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UK invests £65 million in international science projects hosted by Fermilab

Representatives from UK Research and Innovation and the U.S. Department of Energy signed an agreement that outlines £65 million worth of contributions that UK research institutions and scientists will make to the international Deep Underground Neutrino Experiment and related projects hosted by Fermilab.

Fermilab is America’s particle physics and accelerator laboratory. Our vision is to solve the mysteries of matter, energy, space and time for the benefit of all.

USCMS collaboration gets green light on upgrades to CMS particle detector

The USCMS collaboration has received approval from the Department of Energy to move forward with final planning for upgrades to the giant CMS particle detector at the Large Hadron Collider. The upgrades will enable it to take clearer, more precise images of particle events emerging from the upcoming High-Luminosity LHC, whose collision rate will get a 10-fold boost compared to the collider’s design value when it comes online in 2027.

Data from antipodal places: First use of CMB polarization to detect gravitational lensing from galaxy clusters

For the first time, a team of scientists has used the orientation of light left over from the early universe to detect gravitational lensing from galaxy clusters – the bending of light around these massive objects. Using gravitational lensing data taken by the South Pole Telescope and the Dark Energy Camera, Fermilab scientist Brad Benson and colleagues have demonstrated a new way to “weigh” galaxy clusters and ultimately shed light on dark matter, dark energy and other mysteries of the cosmos.

Vladimir Shiltsev selected IEEE fellow

The Institute of Electric and Electronic Engineers names Fermilab scientist Vladimir Shiltsev an IEEE fellow. The honor is conferred by the IEEE Board of Directors upon a person with an outstanding record of accomplishments in any of the IEEE fields of interest.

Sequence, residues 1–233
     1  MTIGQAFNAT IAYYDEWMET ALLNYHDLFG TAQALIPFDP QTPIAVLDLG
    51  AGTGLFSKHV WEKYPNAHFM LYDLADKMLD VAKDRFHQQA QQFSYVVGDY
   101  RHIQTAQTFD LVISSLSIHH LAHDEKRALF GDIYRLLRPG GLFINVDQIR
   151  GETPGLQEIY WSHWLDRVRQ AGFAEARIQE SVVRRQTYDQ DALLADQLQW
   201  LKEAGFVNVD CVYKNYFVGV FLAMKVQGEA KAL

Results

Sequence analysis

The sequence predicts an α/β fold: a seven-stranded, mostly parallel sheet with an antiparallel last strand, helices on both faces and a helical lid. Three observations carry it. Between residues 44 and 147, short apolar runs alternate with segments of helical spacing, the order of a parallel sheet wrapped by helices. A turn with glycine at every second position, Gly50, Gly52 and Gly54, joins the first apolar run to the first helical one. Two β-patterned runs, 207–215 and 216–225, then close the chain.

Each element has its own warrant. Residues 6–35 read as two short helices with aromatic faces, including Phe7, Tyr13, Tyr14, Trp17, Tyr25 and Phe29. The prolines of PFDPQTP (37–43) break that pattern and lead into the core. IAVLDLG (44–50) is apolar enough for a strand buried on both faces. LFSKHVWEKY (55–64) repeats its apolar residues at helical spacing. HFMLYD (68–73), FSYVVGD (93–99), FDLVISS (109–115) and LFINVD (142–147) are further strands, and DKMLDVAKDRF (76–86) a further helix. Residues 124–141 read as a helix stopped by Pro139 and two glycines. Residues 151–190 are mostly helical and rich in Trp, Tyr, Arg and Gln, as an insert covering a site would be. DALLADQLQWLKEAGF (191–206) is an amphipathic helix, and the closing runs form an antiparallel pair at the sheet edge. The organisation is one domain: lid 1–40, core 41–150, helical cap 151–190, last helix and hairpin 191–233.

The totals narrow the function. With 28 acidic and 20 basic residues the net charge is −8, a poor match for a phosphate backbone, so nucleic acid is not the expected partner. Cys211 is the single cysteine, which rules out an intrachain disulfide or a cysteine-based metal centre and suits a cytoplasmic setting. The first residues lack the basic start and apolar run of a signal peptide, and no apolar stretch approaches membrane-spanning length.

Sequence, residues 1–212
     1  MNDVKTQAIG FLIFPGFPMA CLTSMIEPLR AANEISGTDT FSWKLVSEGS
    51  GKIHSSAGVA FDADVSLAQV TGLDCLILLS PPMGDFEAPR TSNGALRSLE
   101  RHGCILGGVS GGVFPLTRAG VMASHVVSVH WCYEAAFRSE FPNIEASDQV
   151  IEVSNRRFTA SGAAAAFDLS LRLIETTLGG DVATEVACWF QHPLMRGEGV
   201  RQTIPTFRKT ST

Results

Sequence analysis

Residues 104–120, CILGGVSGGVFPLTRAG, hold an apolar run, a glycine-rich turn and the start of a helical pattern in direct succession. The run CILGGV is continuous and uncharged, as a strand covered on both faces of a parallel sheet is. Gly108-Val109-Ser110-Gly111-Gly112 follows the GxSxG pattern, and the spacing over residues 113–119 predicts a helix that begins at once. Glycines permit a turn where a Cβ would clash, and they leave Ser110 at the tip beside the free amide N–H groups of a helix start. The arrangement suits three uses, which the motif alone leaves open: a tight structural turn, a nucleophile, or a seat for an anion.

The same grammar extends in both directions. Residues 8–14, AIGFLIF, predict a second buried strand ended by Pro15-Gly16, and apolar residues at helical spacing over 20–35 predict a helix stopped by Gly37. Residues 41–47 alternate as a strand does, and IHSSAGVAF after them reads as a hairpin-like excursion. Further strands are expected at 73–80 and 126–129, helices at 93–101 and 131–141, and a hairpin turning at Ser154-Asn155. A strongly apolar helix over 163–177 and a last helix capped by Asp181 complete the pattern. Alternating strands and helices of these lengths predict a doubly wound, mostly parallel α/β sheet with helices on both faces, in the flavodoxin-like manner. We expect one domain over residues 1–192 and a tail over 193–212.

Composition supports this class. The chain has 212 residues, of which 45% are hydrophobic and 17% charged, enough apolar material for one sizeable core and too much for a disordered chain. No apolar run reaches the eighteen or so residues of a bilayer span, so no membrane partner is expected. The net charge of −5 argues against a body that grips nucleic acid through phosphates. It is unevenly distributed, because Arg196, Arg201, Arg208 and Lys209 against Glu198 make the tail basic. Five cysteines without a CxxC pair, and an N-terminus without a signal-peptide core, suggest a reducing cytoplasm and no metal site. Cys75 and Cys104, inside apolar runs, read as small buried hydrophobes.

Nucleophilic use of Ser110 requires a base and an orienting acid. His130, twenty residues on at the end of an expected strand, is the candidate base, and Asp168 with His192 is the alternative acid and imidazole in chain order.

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Fermilab in the news

From STFC, Jan. 23, 2020: Representatives from UK Research and Innovation and the U.S. Department of Energy have signed an agreement that outlines £65 million worth of contributions that UK research institutions and scientists will make to the international Deep Underground Neutrino Experiment and related projects hosted by Fermilab. DUNE will study the properties of mysterious particles called neutrinos, which could help explain more about how the universe works and why matter exists at all.

From Scientific American, February 2020: Collaborators from eight institutions have come together to turn a mine shaft at Fermilab into the world’s largest atom interferometer — MAGIS-100. The researchers plan to assemble the instrument in 2021 and start harnessing lasers to expand submicroscopic strontium atoms into macroscale “atom waves” soon after. Fermilab scientist Rob Plunkett comments on the mind-boggling experiment.

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